1) Jonas Valanciunas, 5th, Toronto Raptors – The Raptors may have just found Andrea Bargnani’s clone…and I’m not saying that as a compliment. Valanciunas has plenty of room to develop but he needs to add a lot of strength to play an effective center position in the NBA. With Bargnani and Ed Davis on the roster up front, the Raptors needed someone to bring some strength and toughness to their front court. Biyombo was sitting right there for them. I just don’t believe Valanciunas will become that guy.
2) Nolan Smith, 21st, Portland Trail Blazers – Nolan Smith is a nice player. I would’ve been ecstatic to get him in the second round, but at 21? Too high if you ask me, especially, when a guys like Reggie Jackson and Kenneth Faried are still on the board. Smith provides ball handling and toughness, but his ceiling is probably a sixth or seventh man in the league. There were potential starters available at that point.
3) Iman Shumpert, 17th, New York Knicks – Don’t hate this pick as much as others, but the Knicks seem to want to win now by acquiring guys like Amar’e Staudemire and Carmelo Anthony last season. Given that rationale, I don’t completely understand drafting such a project in Iman Shumpert. Shumpert could be a very good player in four or five years, but they need help now to compete with Chicago and Miami.
1) Bismack Biyombo, 7th, Charlotte Bobcats – I’ll make this short and sweet- I’m skeptical of Biyombo’s age (think Freddie Adu/Danny Almonte) and his offensive game is non-existent. Yea, he might have some highlight-reel blocks helping from the weak side, but how is he going to hold up against power players like Zach Randolph or Lamarcus Aldridge when they post him up? This ain’t the Spanish league anymore. He’s gonna flop.
2) Iman Shumpert, 17th, New York Knicks- This is simple – the Knicks wanted to improve their defense and they didn’t pick the best defensive player in the draft. They picked a shorter player who isn’t as effective offensive and never won in college. Why does everyone think Donnie Walsh is some genius? What has he ever really done? Horrible pick.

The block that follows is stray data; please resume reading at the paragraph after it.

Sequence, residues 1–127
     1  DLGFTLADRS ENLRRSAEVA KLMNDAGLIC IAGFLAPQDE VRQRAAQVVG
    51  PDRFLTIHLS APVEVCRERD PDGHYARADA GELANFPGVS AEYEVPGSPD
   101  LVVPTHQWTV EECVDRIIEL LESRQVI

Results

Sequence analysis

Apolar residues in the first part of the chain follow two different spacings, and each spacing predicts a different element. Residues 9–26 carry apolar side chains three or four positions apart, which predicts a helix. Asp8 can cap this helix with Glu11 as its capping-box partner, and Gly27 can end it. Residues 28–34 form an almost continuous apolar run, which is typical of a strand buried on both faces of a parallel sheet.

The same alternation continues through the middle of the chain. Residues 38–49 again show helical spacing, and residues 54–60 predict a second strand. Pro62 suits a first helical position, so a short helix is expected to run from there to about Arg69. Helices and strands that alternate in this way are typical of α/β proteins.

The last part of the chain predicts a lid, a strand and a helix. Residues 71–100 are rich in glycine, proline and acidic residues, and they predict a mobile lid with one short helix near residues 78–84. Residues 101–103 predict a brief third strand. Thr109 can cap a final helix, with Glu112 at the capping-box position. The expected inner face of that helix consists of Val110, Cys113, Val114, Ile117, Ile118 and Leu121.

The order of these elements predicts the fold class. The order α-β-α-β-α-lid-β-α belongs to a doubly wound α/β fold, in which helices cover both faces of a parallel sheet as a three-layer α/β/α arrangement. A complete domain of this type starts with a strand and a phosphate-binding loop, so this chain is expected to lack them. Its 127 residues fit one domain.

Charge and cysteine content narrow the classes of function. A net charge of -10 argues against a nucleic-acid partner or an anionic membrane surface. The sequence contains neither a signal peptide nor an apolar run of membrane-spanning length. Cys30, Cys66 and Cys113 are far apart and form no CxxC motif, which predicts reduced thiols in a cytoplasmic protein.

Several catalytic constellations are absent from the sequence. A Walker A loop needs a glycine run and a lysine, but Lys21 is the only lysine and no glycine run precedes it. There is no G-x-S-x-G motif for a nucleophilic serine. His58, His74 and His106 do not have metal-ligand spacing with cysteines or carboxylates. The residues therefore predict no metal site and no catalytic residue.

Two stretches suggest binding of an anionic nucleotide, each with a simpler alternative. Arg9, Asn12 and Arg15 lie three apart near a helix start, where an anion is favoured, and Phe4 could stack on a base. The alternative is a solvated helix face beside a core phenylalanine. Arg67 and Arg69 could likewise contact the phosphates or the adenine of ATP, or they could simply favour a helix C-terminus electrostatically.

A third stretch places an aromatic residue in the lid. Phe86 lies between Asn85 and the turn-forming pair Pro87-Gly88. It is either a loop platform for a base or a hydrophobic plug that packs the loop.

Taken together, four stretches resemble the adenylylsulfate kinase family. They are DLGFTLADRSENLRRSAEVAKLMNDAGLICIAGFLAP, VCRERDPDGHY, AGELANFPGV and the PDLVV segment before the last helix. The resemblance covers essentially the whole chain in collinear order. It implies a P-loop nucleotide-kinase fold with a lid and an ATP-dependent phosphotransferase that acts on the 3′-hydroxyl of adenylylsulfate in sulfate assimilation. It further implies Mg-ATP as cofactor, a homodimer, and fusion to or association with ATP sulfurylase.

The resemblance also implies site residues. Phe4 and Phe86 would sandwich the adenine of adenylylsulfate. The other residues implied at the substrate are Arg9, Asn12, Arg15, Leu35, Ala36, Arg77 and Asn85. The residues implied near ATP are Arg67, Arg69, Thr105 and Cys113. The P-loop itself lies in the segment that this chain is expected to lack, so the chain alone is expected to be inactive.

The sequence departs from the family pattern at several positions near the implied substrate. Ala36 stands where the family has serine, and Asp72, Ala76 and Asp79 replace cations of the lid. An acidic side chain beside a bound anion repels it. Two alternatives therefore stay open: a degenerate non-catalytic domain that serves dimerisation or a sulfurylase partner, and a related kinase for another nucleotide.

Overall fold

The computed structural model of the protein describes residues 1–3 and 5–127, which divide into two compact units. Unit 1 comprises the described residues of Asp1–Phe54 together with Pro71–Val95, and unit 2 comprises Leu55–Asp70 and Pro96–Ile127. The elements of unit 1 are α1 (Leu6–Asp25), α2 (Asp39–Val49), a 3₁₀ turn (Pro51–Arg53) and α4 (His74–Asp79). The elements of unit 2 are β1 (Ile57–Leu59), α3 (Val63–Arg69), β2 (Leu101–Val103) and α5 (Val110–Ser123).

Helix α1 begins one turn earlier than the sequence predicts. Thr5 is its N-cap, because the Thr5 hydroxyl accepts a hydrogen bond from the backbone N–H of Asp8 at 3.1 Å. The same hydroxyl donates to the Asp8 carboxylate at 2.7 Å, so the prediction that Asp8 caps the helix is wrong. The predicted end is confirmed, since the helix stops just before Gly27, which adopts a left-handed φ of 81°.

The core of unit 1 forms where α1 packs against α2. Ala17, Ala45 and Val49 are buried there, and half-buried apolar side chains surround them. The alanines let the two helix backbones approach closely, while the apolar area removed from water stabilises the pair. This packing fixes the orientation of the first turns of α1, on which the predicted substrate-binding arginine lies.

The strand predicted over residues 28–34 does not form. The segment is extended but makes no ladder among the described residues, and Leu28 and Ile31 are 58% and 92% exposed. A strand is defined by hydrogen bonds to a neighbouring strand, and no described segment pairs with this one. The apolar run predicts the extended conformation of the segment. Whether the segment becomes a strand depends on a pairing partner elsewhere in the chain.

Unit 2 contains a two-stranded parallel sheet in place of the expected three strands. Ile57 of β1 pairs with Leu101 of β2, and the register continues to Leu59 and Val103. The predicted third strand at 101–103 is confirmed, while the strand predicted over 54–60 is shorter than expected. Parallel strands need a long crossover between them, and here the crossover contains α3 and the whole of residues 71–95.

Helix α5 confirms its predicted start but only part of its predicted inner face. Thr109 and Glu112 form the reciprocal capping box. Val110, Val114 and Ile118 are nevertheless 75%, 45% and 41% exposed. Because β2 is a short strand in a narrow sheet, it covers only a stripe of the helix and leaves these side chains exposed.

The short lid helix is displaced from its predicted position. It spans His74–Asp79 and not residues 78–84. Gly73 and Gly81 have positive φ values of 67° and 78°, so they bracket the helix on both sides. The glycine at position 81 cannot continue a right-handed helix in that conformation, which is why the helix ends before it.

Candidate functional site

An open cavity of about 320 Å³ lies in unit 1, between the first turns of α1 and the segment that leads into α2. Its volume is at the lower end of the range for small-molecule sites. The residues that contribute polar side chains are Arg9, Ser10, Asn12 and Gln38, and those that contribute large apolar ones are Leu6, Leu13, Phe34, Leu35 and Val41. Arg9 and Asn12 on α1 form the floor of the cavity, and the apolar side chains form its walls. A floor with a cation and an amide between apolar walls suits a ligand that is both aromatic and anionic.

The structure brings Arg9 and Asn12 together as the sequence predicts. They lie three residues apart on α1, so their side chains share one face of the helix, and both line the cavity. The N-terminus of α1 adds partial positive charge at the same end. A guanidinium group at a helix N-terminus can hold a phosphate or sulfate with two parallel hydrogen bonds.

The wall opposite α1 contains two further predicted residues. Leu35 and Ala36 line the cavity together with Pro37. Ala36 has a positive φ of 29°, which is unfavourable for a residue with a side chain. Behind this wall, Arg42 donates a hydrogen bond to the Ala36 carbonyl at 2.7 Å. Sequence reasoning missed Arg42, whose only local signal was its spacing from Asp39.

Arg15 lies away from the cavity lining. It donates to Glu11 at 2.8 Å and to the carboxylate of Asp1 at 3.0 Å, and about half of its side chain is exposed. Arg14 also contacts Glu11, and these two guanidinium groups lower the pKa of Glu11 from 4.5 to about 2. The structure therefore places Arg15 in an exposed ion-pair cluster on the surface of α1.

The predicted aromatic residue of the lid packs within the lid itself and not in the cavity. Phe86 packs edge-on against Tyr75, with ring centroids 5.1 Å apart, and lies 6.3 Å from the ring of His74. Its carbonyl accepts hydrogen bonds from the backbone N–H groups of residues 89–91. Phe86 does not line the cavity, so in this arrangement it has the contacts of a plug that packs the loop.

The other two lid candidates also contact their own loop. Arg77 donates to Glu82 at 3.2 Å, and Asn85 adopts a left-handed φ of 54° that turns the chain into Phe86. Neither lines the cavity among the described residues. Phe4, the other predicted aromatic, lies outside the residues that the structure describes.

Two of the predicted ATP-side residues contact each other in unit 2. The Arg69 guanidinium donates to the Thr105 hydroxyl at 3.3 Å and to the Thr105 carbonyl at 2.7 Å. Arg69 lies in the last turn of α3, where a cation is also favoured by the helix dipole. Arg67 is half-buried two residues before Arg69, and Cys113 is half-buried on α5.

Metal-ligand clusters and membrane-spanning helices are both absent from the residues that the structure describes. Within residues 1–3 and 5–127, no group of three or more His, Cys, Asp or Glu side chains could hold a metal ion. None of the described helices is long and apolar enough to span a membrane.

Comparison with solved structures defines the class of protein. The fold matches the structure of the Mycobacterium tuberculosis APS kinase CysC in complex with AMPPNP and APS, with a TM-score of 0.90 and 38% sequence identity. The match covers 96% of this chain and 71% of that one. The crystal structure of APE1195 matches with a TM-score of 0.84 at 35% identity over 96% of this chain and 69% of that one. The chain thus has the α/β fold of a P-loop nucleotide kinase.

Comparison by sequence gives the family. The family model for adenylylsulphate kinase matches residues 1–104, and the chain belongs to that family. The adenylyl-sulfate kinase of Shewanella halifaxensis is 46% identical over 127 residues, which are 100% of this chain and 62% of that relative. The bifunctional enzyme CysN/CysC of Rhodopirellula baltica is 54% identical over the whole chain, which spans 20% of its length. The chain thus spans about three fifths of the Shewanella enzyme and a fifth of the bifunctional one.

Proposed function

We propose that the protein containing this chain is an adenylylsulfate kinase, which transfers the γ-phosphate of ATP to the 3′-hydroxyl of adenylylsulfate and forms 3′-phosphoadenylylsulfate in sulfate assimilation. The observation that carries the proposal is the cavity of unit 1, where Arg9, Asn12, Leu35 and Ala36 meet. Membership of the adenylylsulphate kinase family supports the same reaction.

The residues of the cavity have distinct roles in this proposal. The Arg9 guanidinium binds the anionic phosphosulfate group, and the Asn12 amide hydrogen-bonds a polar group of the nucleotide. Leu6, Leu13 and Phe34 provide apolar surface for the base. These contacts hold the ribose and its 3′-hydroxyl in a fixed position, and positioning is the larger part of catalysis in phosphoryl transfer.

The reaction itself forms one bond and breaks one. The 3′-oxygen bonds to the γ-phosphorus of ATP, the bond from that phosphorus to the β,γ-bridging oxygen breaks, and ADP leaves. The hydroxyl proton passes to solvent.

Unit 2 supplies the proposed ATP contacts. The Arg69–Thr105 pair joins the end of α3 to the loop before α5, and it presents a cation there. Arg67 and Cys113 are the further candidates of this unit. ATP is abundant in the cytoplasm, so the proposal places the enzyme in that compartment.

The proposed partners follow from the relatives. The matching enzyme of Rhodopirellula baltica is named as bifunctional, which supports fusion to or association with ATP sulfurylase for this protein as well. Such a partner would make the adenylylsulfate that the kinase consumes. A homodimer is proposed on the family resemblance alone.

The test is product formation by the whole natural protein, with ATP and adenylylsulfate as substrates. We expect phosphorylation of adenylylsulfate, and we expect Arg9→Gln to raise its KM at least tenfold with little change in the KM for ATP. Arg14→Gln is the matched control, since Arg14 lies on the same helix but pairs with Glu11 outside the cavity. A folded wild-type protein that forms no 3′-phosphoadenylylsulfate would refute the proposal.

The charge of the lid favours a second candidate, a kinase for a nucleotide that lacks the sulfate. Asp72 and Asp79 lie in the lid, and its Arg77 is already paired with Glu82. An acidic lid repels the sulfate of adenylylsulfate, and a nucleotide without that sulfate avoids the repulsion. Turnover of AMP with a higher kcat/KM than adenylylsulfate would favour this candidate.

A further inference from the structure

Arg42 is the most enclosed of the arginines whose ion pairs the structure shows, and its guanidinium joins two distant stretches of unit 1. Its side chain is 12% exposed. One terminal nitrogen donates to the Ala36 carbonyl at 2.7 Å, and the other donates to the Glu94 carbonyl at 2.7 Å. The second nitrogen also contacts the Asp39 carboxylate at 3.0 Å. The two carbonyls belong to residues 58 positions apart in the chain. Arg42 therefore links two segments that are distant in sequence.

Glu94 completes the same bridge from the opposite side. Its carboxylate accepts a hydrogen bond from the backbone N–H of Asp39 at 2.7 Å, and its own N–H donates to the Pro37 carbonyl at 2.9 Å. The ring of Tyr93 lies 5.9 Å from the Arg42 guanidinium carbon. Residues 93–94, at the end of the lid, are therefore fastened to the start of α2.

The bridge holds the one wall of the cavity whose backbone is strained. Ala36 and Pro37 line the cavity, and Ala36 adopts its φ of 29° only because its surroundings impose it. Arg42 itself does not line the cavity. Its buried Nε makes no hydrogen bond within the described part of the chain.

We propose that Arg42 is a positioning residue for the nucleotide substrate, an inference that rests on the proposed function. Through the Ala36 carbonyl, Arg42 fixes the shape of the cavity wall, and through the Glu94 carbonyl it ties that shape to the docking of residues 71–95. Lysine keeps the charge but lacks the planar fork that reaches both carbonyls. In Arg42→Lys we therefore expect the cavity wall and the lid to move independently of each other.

3) Klay Thompson, 11, Golden State Warriors – The Warriors continue to add offense when they have greater needs in the front court and need to help build a defensive identity. Unless they plan on getting rid of Monta Ellis, I don’t understand this pick. But nevertheless, Klay, “Come get in my poster!”
1) Corey Joseph, 29th, San Antonio Spurs – A pretty big reach here, but at that spot in the end of the first round, taking a risk is almost a must. But, there were some better prospects to snag at this point — Charles Jenkins, Josh Selby, Darius Morris — who might have had more of an impact. Joseph does have upside and sizes up similar to recently traded George Hill, but not sure he’ll ever live up to Hill’s stature.
2) Marshon Brooks, 25th, New Jersey Nets – I actually think that Brooks will be a good role player for the Nets, but trading up for what seemed like no reason was a bit questionable. He’s gt an opportunity to contribute right away but still isn’t the most polished player on defense.
3) Iman Shumpert, 17th, New York Knicks – Here’s the dilemma, I actually like Shumpert as a prospect and a good, young point guard for the Knicks to develop behind Chauncey Billups. But, at 17? I think it was quite a reach. The Knicks probably could have dropped back into the mid-20’s, grabbed another player or first rounder and still snatched up the athletic Georgia Tech product. For the simple fact that it was a reach I say “nay” to the selection and feel for Knick fans everywhere.